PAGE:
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String formation in complex fluids

Particles afloat in certain solutions will line up like beads on a string. New research shows why.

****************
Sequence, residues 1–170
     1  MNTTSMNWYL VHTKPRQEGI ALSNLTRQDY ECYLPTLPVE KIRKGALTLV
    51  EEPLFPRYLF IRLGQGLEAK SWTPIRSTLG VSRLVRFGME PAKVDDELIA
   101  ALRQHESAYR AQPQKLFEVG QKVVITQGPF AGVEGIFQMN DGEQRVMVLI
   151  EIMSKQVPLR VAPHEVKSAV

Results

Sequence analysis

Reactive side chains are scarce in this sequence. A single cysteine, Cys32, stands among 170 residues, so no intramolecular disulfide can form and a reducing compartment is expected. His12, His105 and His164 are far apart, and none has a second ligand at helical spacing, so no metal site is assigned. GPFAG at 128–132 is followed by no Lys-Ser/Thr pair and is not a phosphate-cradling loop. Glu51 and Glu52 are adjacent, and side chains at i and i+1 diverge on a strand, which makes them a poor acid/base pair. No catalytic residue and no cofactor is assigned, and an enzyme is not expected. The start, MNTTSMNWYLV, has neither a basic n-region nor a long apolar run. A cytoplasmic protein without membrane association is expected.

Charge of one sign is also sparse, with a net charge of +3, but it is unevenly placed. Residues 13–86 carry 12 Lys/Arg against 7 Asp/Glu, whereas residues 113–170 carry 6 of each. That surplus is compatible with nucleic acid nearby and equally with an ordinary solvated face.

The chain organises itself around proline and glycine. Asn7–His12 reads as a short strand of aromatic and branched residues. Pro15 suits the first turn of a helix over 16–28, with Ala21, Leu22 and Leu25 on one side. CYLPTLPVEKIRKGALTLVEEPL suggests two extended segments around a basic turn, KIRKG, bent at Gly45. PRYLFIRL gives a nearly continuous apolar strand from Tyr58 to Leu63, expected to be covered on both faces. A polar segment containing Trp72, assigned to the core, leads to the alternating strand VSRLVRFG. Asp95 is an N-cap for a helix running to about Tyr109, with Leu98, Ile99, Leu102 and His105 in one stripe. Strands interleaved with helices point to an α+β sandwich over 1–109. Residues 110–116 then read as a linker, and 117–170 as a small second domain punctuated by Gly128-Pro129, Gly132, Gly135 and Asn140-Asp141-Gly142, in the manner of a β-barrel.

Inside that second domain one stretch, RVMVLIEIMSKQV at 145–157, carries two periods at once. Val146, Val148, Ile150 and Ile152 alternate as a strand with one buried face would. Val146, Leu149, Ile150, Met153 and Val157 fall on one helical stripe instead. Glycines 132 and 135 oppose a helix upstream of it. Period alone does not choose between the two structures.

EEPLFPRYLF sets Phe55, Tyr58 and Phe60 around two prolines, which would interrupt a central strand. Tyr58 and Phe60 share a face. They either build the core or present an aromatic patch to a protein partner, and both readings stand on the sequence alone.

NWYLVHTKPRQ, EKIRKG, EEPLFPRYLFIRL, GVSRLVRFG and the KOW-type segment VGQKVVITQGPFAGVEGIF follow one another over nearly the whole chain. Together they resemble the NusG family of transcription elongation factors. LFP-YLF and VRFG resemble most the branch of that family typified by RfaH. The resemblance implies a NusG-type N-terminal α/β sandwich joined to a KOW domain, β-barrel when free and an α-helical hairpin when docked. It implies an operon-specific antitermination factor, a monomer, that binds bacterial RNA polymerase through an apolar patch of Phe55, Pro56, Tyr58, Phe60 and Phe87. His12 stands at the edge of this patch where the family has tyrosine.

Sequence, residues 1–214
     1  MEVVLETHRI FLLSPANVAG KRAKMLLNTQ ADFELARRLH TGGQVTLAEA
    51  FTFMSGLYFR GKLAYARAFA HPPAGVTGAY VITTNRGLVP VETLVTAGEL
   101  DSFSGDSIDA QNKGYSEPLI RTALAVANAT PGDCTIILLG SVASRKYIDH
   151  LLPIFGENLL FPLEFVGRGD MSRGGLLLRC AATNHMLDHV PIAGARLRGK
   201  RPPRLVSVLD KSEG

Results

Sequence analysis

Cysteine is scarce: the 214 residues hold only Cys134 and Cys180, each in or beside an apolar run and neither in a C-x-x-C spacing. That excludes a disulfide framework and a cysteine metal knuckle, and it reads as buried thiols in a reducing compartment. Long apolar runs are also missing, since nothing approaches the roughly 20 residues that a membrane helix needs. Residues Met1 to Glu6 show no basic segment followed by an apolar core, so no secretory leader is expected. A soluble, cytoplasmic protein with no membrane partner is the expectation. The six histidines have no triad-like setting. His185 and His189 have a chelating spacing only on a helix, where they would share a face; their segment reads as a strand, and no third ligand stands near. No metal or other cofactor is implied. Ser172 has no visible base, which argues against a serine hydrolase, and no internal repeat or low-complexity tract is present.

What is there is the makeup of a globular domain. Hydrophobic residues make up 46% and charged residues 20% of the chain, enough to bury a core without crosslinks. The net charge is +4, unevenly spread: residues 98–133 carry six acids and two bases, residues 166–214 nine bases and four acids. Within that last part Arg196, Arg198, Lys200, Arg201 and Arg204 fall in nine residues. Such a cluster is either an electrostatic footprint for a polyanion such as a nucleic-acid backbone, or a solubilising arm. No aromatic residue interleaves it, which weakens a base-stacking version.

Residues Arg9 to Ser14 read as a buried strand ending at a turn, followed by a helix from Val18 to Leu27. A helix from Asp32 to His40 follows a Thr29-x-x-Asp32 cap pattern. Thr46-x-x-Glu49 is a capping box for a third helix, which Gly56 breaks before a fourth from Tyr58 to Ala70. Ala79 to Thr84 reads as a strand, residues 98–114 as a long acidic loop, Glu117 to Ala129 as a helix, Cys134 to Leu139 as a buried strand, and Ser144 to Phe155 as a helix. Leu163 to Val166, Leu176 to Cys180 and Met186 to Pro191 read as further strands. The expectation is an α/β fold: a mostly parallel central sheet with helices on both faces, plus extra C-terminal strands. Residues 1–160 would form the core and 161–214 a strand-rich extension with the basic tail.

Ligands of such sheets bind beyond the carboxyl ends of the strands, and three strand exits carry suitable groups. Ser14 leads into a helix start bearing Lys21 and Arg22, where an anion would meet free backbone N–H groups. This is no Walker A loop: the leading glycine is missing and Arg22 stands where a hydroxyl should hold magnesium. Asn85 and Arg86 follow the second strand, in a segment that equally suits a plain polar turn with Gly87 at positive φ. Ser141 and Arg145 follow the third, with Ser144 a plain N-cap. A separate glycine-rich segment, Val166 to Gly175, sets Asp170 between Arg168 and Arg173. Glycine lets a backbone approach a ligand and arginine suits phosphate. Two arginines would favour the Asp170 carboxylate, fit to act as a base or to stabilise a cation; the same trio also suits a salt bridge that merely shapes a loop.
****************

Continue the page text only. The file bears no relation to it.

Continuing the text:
Many everyday materials, such as shampoo, ink, and coffee, are complicated mixtures of fluids and suspended particles with complex and often surprising internal interactions (see the articles by Alice Gast and William Russel, Physics Today, December 1998, page 24, and by Amy Shen and Perry Cheung, September 2010, page 30, and the Quick Study by Peter Yunker, Doug Durian, and Arjun Yodh, August 2013, page 60). For example, under shear flow (like the flow field you generate when you stir your coffee), the particles can attract each other and align in chains, as seen in this microscope image of 40-µm-diameter polystyrene beads in a solution of polyisobutylene and heptane. First reported nearly four decades ago, the chain behavior has been extensively explored, but a conclusive explanation for it has been elusive. Experiments by Jan Vermant and colleagues at the University of Leuven, Belgium, and ETH Zürich offer new insights into the underlying causes. The team prepared various fluids with polystyrene beads and sheared them between counterrotating top and bottom plates or between counterrotating, concentric cylinders and imaged the particles' motion. The researchers found that although anisotropic normal-stress differences and confinement can each promote string formation, neither is essential. But shear thinning—the decreasing of viscosity at higher shear rates—is. Shear flow naturally causes suspended particles to spin. In "normal," Newtonian fluids, particles that get sufficiently close will tumble together and eventually separate. In shear-thinning fluids, however, the viscosity decreases in the thin gaps between adjacent particles, enabling the particles to spin separately yet stay in line. (S. Van Loon et al., J. Rheol. 58, 237, 2014.)—Richard J. Fitzgerald


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